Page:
Good news for Arthritis Consumer Experts (ACE) members and subscribers who live with a form of ankylosing spondylitis. Within the arthritis research world, the field of ankylosing spondylitis is rapidly progressing, and very exciting new discoveries are being made. At the American College of Rheumatology (ACR) annual meeting, Dr. Dirk Elewaut, Professor of Rheumatology and Immunology and Chair of the Department of Rheumatology at Ghent University Hospital, Belgium, discussed the importance of gut inflammation in spondyloarthritis.
The humanities come in many forms – literature, music, art, drama – and provide us perspective on what it means to be human. They can also provide benefits for patients and their healthcare professionals, said American College of Rheumatology (ACR) annual meeting keynote speaker, Dr. Paulette Hahn, Associate Professor of Medicine and Associate Vice Chair of Education in the Department of Medicine at the University of Florida.
Now that psoriatic arthritis (PsA) is viewed as its own disease entity and no longer as a relative of rheumatoid arthritis, trends in PsA care have started to change. Methotrexate has become a first-line treatment for PsA patients, and at the American College of Rheumatology (ACR) annual meeting this week, the spotlight was on new disease modifying antirheumatic agents (DMARDs) for PsA. According to Dr. Laura Coates, National Institute for Health Research Clinical Lecturer in Rheumatology at the University of Leeds, United Kingdom: “It is quite an exciting time for psoriatic arthritis because we are getting new drugs that are specific for PsA. A lot of the newer drugs focus on the Il-17 pathway, which is a different part of the patient’s immune system (than what previous medications targeted) and which seems to be particularly important for psoriatic arthritis, psoriasis, and spondylitis arthritis.”
A recent study from McMaster University found that middle-aged adults living with a combination of arthritis, heart disease, diabetes, and/or depression are more likely to experience disability and limited involvement in society.
The research was conducted by Lauren Griffith, an associate professor in the Department of Clinical Epidemiology and Biostatics and the McLaughlin Foundation Professorship in Population and Public Health. Researchers from McMaster University published the study in the Journal of Epidemiology and Community Health. They found that physical and mental chronic diseases, alone or in combination, were associated with disability and reduced social participation. The results differed by gender and age. Continue reading
Arthritis can affect people all year round; however, the winter and wet weather months can make it harder to manage arthritis symptoms. Climate change can increase pain to joints.
According to Robert Jamison, Professor at the Harvard Medical School and chief psychologist at the Pain Management Center at Brigham and Women’s Hospital, Chestnut Hill, the increased pain is caused by a change in barometric pressure. Jamison explains the impact of barometric pressure on the body by comparing it to a balloon: “When a balloon is inflated, it has the maximum inside and outside pressure. High barometric pressure that pushes against the body from the outside keeps tissues from expanding. As the barometric pressure fails, tissues in the body may expand. As the tissues expand, they put more pressure on nerves that control pain signals.”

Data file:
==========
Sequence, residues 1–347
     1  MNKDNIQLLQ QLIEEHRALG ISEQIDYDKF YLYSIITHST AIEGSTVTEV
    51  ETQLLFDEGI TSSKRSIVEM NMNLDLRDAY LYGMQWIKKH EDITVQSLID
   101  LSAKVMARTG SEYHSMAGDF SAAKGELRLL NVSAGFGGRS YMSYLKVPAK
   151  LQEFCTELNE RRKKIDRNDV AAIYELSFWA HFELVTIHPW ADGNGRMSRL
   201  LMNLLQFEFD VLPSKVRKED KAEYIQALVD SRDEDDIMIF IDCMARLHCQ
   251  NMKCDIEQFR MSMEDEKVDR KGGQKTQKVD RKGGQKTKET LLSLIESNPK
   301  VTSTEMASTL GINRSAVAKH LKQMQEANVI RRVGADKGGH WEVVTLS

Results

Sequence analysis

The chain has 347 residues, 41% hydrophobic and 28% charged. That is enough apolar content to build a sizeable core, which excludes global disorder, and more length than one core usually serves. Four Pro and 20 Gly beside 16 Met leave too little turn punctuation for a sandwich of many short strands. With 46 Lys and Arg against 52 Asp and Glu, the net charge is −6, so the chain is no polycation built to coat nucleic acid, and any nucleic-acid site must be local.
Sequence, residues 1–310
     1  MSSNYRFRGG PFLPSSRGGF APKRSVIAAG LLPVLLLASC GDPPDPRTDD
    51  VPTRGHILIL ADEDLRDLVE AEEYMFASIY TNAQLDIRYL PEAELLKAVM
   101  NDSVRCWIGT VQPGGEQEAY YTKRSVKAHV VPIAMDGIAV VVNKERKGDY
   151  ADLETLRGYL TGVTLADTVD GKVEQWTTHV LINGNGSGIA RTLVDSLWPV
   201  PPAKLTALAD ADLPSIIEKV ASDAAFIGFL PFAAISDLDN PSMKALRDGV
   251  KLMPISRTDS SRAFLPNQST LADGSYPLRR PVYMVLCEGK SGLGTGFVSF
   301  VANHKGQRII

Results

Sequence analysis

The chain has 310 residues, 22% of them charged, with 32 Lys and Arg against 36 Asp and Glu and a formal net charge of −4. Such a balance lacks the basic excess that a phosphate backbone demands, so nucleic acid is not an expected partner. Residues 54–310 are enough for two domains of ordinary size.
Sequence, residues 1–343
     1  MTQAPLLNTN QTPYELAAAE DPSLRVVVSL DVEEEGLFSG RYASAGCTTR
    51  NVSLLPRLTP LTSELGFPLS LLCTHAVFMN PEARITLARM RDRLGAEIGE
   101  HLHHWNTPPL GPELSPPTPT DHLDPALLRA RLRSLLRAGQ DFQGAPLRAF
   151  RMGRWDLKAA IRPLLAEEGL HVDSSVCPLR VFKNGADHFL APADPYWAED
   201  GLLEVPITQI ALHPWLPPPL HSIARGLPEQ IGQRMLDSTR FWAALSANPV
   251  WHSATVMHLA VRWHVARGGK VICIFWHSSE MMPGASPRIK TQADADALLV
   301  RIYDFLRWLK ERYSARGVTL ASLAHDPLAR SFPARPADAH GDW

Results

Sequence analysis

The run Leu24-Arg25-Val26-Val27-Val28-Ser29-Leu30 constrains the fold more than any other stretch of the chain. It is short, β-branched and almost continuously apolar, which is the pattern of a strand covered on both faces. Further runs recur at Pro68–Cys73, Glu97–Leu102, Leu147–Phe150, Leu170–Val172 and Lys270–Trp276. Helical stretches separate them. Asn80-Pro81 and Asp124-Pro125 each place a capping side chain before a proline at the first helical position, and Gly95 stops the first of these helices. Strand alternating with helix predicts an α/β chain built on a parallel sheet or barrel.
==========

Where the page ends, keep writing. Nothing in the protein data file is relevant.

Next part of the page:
There are several ways to survive the cold. Firstly, take care of your own health by getting a flu vaccine. Health Canada states the following:
The best way to prevent the flu is by getting a flu vaccine, also known as a flu shot. Flu vaccine is safe and effective. You cannot get the flu from the flu vaccine. Most people do not have reactions to the flu vaccine. Severe reactions are rare.
Getting a flu vaccine is a simple action that can save lives by:
- protecting you if you are exposed to the virus
- preventing you from getting very sick
- helping protect other people because you are less likely to spread the virus to others
Effects of Social Networking on Chronic Disease Management in Arthritis
Do you have rheumatoid arthritis? Sign up for the Social Networking for Arthritis Patients (SNAP) study now.
The Social Networking for Arthritis Patients (SNAP) study is funded by The Rheumatology Research Foundation, a non-profit organization dedicated to research to improve the health of people with arthritis. Throughout the study, you will be having social interactions with patient representatives from The Arthritis Foundation, The International Foundation for Autoimmune Arthritis and The Arthritis Society. You may qualify for the study if you:
- Are 18 years or older
- Have been diagnosed by a doctor as having rheumatoid arthritis for 10 years or less
- Have an email address
- Able to communicate in English
- Are comfortable with using the internet
- Are familiar with social media
- Live in the United States of America or Canada
Your participation would be online only and you will receive compensation for your time and effort. Your expected time commitment is 6 months. The participant will be asked to access webpages and complete online questionnaires at three time points.Do you have rheumatoid arthritis? Sign up for the Social Networking for Arthritis Patients (SNAP) study now.
This study is being conducted by investigators at the University of Texas MD Anderson Cancer Center. To find out if you are eligible to participate, contact Jessica, research coordinator, at 1(713)563-8817 or email firstname.lastname@example.org.